Amanda Berry, Gina DeJesus and Michelle Knight, the three women who prosecutors say were held in captivity for years by a Cleveland man, thank the public for supporting them in a video posted online Monday night:
The women had gone missing separately between 2002 and 2004, when they were 14, 16, and 20 years old.
In the video, none of the women had any visible scars of the abuse they said they suffered at the hands of Ariel Castro, who has pleaded not guilty to a 329-count indictment alleging he kidnapped them off the streets and held them captive in his two-story home. They were smiling and appeared upbeat.
Castro, a 52-year-old former bus driver, fathered a 6-year-old daughter with Berry and is accused of starving and punching Knight, causing her to miscarry. He was arrested May 6, shortly after Berry broke through a door at the home and yelled to neighbors for help.
Knight said in the video that she is building a “brand new life.”
“I may have been through hell and back, but I am strong enough to walk through hell with a smile on my face and my head held high,” she said, reading from a prepared statement. “I will not let the situation define who I am. I will define the situation. I don’t want to be consumed by hatred.”
DeJesus’ parents, Felix DeJesus and Nancy Ruiz, thanked the public for donations to a fund set up to help the women. In addition, Ruiz encouraged parents with missing loved ones to reach out for assistance. “Count on your neighbors,” she said. “Don’t be afraid to ask for the help because help is available.”
Kathy Joseph, Knight’s attorney, said in a statement that the three women wanted to “say thank you to people from Cleveland and across the world, now that two months have passed.”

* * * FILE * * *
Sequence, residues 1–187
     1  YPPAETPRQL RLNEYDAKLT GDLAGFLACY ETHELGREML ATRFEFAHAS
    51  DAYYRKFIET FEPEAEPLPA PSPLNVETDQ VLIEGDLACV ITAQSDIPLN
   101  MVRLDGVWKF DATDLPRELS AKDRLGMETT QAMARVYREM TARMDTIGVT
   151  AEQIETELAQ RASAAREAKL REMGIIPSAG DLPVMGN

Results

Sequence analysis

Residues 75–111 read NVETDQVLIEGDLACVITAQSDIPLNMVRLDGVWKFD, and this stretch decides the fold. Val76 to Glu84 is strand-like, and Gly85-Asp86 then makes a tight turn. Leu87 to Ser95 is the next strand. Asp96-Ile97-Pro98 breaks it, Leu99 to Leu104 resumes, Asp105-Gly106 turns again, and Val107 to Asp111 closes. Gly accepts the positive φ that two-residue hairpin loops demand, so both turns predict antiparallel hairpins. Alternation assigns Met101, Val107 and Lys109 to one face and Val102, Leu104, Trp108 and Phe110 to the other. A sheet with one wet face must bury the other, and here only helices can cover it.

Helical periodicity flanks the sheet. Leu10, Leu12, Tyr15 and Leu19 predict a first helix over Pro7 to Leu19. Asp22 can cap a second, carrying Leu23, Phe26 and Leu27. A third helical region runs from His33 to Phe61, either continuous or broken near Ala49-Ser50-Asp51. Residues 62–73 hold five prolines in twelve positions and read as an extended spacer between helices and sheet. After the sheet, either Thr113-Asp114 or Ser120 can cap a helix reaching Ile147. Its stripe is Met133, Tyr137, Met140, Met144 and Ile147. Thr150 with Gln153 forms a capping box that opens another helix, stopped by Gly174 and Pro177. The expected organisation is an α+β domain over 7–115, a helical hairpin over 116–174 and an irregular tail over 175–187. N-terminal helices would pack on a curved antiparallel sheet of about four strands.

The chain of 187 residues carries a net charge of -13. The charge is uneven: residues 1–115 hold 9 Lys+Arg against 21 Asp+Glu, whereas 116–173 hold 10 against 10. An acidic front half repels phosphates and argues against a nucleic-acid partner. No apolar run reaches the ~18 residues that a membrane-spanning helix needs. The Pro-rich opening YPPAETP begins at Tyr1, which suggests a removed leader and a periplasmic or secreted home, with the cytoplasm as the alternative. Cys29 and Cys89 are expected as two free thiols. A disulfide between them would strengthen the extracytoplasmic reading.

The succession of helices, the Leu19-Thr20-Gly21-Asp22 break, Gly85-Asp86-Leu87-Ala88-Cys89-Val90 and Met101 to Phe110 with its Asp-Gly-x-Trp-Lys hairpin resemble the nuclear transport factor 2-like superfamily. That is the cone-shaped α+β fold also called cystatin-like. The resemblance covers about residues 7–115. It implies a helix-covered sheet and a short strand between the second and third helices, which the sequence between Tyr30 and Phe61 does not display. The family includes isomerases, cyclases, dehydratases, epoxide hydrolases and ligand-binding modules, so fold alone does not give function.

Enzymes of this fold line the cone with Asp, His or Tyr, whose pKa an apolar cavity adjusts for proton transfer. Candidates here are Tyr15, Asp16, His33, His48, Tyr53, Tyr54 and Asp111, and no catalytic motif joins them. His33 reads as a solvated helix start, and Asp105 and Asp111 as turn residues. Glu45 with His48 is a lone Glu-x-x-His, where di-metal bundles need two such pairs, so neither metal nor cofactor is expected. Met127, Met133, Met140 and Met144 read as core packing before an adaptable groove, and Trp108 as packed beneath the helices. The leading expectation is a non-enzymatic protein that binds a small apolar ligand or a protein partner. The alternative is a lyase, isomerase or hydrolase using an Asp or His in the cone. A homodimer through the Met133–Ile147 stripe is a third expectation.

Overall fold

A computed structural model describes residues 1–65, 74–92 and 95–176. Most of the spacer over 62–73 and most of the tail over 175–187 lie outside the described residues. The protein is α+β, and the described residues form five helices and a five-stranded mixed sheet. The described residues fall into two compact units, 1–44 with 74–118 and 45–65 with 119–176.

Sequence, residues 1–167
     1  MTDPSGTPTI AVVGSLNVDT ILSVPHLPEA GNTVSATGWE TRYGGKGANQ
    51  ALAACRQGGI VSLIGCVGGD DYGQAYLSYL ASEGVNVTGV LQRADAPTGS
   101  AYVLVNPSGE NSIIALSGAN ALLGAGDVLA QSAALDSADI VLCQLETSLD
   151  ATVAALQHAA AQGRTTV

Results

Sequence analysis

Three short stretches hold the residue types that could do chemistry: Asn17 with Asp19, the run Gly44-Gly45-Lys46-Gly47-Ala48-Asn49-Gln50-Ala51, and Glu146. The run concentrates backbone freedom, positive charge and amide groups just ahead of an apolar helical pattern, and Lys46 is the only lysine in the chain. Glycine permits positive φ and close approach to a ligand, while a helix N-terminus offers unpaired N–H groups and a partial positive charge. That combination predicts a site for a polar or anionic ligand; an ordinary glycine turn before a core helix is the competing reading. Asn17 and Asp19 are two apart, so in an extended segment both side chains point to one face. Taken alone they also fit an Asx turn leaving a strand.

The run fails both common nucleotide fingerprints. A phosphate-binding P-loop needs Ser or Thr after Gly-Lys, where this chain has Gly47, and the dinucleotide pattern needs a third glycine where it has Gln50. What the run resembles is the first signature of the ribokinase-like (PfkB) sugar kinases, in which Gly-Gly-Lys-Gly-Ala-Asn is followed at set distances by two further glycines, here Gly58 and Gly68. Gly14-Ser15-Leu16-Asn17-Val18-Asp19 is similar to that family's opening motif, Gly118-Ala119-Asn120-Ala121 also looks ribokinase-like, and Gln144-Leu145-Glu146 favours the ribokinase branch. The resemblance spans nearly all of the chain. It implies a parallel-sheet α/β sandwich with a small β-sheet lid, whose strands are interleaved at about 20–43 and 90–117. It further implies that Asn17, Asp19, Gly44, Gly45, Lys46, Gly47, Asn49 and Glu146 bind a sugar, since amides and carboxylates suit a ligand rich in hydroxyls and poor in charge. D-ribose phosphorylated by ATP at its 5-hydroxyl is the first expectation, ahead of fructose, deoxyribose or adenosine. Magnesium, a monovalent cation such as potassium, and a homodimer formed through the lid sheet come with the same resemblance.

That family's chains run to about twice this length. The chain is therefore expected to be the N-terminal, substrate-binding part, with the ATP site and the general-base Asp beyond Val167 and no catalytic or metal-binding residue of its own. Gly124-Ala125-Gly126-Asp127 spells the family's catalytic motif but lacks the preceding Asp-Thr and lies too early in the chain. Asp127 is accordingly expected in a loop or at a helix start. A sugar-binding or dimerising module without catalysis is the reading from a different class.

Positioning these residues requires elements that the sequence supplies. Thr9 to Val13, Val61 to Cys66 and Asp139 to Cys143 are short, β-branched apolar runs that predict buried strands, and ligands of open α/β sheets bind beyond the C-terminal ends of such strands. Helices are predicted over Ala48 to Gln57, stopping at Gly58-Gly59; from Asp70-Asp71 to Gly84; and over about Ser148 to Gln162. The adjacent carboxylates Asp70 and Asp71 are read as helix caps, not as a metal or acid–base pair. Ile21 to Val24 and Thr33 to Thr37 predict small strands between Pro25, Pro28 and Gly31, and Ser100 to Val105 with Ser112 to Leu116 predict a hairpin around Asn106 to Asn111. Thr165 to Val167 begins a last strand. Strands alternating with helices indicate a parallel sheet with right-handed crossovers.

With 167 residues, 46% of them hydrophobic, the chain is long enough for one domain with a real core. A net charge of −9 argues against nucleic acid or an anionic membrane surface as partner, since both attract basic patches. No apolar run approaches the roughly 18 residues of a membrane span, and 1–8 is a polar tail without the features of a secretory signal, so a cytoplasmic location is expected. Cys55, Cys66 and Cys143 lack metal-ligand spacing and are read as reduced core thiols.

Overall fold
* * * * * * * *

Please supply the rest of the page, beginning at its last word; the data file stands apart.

She said they’re being recognized in public, “so they decided to put voices and faces to their heartfelt messages.”
Watch the video below.
Castro was arrested May 6 after Berry called to neighbors for help through the door of his house. He is being held on a $8 million bail, and has pleaded not guilty to a 329-count indictment, which includes charges of kidnapping and rape, as well as murder (he is accused of violently causing one of the women to miscarry).
Castro was ruled competent to stand trial last week, and his trial is scheduled to begin Aug. 5, but delays are possible:
Prosecutor Saleh Awadallah said a meeting is planned July 11 to discuss the possibility of seeking the death penalty for the 52-year-old Castro, who faces aggravated murder charges stemming from allegations that he caused the deliberate termination of one of the women’s pregnancies.
Awadallah invited Castro’s attorney, Craig Weintraub, to submit evidence to him before the meeting to support an argument against the death penalty in the upcoming discussions.
Castro’s attorneys have previously hinted that he might plead guilty if talk of capital punishment was taken off the table.
Awadallah said prosecutors would be going back to the county grand jury to seek more charges against Castro, but he didn’t know when that would happen.
For past coverage of the women’s escape from what prosecutors call their captivity, continue reading here.